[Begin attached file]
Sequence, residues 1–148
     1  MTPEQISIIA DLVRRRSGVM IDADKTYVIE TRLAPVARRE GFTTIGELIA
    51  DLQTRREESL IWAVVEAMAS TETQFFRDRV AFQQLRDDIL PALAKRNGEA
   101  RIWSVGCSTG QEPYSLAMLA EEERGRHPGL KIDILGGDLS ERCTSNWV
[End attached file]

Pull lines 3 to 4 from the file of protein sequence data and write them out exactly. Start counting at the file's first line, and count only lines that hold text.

    51  DLQTRREESL IWAVVEAMAS TETQFFRDRV AFQQLRDDIL PALAKRNGEA
   101  RIWSVGCSTG QEPYSLAMLA EEERGRHPGL KIDILGGDLS ERCTSNWV